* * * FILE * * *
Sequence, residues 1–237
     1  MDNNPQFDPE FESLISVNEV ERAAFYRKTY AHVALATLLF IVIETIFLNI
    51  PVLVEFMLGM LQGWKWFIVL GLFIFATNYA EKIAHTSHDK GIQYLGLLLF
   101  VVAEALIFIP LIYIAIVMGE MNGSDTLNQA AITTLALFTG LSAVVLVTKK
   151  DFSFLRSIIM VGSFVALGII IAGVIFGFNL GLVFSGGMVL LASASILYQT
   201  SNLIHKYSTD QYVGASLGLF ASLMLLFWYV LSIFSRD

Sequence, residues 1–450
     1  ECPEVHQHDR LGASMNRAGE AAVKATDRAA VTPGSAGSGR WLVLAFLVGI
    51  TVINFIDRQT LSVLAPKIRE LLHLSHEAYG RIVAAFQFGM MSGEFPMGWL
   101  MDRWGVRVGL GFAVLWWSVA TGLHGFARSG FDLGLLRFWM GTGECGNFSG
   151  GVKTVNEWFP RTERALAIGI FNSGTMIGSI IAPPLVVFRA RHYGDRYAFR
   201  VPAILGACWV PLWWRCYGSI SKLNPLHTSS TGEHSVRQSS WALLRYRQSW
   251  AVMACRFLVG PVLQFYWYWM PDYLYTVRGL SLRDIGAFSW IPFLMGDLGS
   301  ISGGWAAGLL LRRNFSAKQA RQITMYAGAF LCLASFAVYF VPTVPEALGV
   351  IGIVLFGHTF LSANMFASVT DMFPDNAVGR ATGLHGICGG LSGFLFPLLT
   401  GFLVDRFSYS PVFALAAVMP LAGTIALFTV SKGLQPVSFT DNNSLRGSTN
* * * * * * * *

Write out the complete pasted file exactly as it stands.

Sequence, residues 1–237
     1  MDNNPQFDPE FESLISVNEV ERAAFYRKTY AHVALATLLF IVIETIFLNI
    51  PVLVEFMLGM LQGWKWFIVL GLFIFATNYA EKIAHTSHDK GIQYLGLLLF
   101  VVAEALIFIP LIYIAIVMGE MNGSDTLNQA AITTLALFTG LSAVVLVTKK
   151  DFSFLRSIIM VGSFVALGII IAGVIFGFNL GLVFSGGMVL LASASILYQT
   201  SNLIHKYSTD QYVGASLGLF ASLMLLFWYV LSIFSRD

Sequence, residues 1–450
     1  ECPEVHQHDR LGASMNRAGE AAVKATDRAA VTPGSAGSGR WLVLAFLVGI
    51  TVINFIDRQT LSVLAPKIRE LLHLSHEAYG RIVAAFQFGM MSGEFPMGWL
   101  MDRWGVRVGL GFAVLWWSVA TGLHGFARSG FDLGLLRFWM GTGECGNFSG
   151  GVKTVNEWFP RTERALAIGI FNSGTMIGSI IAPPLVVFRA RHYGDRYAFR
   201  VPAILGACWV PLWWRCYGSI SKLNPLHTSS TGEHSVRQSS WALLRYRQSW
   251  AVMACRFLVG PVLQFYWYWM PDYLYTVRGL SLRDIGAFSW IPFLMGDLGS
   301  ISGGWAAGLL LRRNFSAKQA RQITMYAGAF LCLASFAVYF VPTVPEALGV
   351  IGIVLFGHTF LSANMFASVT DMFPDNAVGR ATGLHGICGG LSGFLFPLLT
   401  GFLVDRFSYS PVFALAAVMP LAGTIALFTV SKGLQPVSFT DNNSLRGSTN